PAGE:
The elevated Gardiner Expressway passes over Strachan Ave which in turn has a bridge over what used to be a rail line. The bottom part of the bridge is covered with graffiti. The whole area is a construction site at the moment.

below: A quick aside:  It’s a slightly different angle, but here is a photo of the Strachan Avenue bridge from 1959, before the Gardiner was built.  I suspect that there has been upgrades made to the bridge since then.  Photo credit: R.L. Kennedy, found online (also a good source for the history of the Grand Trunk Railway in Toronto).  Garrison Common is to the right.

vintage photo from 1959, GTR tracks pass besidde Garrison Common park and under the bridge at Strachan Ave

Garrison Common is the green space surrounding Fort York.  It will abut (be continuous with?) the new Bentway.  Fort York is a National Historic Site and on its 43 acre site are original buildings from the War of 1812 as well as an 1813 battle site.  Did you know that the Americans beat us here in 1813 and controlled the city of York (as Toronto was known then) for a few days?

below: The new Fort York Visitors Centre is now open. There is still being work done both inside and outside, but it is open to visitors. For so long the fort was hidden away and difficult to get to; it is nice to see it receiving more attention.

entrance to Fort York, under the Gardiner, still a construction site but nearing completion

below: Jake from Park People, one of the groups helping to design the new park, stands under the Gardiner as he talks to a group of us on a tour.    Here, by Fort York, the Gardiner is the equivalent of 5 storeys from ground level, the highest it reaches as it crosses the city.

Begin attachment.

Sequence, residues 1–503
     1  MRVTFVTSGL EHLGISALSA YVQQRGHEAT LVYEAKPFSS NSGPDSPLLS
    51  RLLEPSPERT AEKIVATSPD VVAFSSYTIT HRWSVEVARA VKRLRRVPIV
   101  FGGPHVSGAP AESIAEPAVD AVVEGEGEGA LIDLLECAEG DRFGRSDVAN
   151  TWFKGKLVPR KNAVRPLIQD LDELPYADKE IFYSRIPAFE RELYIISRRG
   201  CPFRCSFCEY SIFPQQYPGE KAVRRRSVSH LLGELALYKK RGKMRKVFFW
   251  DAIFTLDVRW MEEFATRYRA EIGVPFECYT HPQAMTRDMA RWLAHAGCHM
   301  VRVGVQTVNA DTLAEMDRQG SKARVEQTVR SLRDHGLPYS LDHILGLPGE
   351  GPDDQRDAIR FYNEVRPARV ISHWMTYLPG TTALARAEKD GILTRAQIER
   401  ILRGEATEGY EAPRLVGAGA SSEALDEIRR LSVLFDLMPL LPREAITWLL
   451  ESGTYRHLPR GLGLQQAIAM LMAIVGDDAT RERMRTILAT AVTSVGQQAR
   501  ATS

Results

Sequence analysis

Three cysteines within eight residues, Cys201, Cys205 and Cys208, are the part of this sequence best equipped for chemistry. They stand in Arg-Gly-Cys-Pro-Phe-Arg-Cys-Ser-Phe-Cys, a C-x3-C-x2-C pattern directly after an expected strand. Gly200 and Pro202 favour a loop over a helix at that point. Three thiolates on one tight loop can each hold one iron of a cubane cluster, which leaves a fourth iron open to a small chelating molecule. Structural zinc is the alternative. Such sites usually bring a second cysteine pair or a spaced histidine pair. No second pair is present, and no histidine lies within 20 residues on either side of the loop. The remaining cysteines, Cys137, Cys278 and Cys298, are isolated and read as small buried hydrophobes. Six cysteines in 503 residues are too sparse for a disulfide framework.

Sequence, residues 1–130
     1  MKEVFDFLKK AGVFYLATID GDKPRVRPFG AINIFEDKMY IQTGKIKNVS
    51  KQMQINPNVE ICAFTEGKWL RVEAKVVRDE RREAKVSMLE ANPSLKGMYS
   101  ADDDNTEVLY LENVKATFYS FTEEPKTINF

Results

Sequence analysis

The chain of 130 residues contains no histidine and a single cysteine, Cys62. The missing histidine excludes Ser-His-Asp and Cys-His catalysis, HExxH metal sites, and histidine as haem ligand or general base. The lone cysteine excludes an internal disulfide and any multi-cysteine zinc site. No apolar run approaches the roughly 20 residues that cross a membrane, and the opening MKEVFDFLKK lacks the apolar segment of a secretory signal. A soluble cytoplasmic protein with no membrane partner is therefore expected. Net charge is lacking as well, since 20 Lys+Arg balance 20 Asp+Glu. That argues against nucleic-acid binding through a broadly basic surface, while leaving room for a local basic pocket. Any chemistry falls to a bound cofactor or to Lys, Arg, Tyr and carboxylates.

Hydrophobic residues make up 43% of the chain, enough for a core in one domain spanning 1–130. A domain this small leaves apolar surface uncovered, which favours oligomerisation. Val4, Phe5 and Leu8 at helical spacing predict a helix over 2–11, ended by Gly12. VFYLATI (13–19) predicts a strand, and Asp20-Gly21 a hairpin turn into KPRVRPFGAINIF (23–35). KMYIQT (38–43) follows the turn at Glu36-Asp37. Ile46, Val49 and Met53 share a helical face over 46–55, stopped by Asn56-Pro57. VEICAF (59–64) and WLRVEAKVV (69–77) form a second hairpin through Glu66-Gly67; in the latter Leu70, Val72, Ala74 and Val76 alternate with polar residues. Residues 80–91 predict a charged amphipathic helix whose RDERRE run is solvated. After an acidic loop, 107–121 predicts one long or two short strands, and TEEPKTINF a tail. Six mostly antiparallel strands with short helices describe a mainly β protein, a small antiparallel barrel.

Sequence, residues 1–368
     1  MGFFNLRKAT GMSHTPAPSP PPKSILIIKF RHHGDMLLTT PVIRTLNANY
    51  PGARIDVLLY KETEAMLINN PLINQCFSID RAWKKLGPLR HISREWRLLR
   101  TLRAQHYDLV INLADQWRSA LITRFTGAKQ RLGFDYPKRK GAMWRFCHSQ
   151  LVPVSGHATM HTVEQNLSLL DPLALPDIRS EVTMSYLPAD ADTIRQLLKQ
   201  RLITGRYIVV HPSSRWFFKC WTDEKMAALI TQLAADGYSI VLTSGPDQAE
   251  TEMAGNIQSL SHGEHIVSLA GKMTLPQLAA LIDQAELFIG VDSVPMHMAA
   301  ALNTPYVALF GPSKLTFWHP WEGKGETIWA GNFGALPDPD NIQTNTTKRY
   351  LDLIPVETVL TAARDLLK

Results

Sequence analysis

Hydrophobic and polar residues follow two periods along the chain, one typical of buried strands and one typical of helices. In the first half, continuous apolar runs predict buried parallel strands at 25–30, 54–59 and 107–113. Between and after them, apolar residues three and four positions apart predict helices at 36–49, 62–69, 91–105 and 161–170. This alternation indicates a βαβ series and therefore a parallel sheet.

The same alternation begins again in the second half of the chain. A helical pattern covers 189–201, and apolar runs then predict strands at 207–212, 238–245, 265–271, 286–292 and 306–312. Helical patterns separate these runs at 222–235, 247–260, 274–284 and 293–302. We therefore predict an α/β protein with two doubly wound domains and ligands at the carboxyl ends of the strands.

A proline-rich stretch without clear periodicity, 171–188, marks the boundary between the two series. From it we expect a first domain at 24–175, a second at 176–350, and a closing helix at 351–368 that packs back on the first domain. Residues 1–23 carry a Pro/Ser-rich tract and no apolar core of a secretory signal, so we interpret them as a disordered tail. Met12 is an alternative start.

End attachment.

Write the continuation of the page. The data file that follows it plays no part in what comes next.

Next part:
a man is standing in front of a group of people on a walking tour, he is standing under the Gardiner Expressway where it is 5 storeys above ground level.

below: Standing on the grounds of Fort York.  The Bentway will be beyond the stone wall.  You can get a good idea of the spacing between the bents.  These spaces are being referred to as ‘rooms’ and there are 55 of them between Strachan and Spadina.

from the grounds of Fort York looking south to the Gardiner and the condos built beyond it. Grass field in the foreground.

below: One obstacle is the fact that Fort York Blvd passes under the Gardiner on a diagonal.  Plans are to build a pedestrian/cycle bridge over the street.  Also in the photo, note the TTC bus – Fort York and vicinity are finally on a bus route.  Route 121 runs between the Portlands and Fort York via Union Station.

fort york blvd is in the foreground, a TTC bus and a car are on it, the Gardiner is to the right and a short condo building is in the background along with the CN tower

below: The section under the Gardiner Expressway between Bathurst Street and Fort York Blvd is not city owned. It is owned, and has already been developed, by the Onni Group who built the Garrison at Fort York condominiums on either side of it.  This is the eastern end of phase 1.

evening, low angle sunlight shines under the Gardiner Expressway where it has been developed with paving stones and some large rocks.

below: Northbound traffic on Bathurst passes under the Gardiner.

some traffic on Bathurst street on a rainy day, as the street passes under the Gardiner Expressway, condos on the right, construction hoardings on the left.

Phase 2 of the park’s development involves land between Bathurst and Spadina. This is an area that is undergoing a lot of changes at the moment, i.e. a lot of construction.

below: Immediately south of the Gardiner on the northeast corner of Bathurst and Lakeshore is a construction site.  Demolition of the old 1928 Loblaws warehouse building is now complete.  The facade of the old building was disassembled rather than demolished; after cleaning and refurbishing of the bricks, it will be rebuilt in its original location.  Two condo towers are planned for the space between Loblaws and the Gardiner.  Yes, more condo towers to face the Gardiner and add to the tunnel effect that you get when you drive on the expressway.